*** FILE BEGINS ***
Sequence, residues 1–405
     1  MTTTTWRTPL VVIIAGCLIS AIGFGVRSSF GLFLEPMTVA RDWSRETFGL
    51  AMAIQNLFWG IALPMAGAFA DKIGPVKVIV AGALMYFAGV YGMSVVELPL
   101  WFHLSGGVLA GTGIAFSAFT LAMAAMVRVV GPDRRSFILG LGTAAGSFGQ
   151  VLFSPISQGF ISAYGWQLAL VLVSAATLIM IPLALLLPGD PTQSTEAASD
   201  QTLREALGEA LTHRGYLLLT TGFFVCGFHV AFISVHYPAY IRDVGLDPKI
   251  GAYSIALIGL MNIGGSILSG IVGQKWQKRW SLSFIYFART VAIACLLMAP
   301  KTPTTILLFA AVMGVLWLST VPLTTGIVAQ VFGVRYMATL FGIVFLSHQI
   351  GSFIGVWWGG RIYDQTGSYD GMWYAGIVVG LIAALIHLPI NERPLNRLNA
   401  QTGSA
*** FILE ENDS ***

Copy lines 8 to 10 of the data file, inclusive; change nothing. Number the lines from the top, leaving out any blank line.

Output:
   301  KTPTTILLFA AVMGVLWLST VPLTTGIVAQ VFGVRYMATL FGIVFLSHQI
   351  GSFIGVWWGG RIYDQTGSYD GMWYAGIVVG LIAALIHLPI NERPLNRLNA
   401  QTGSA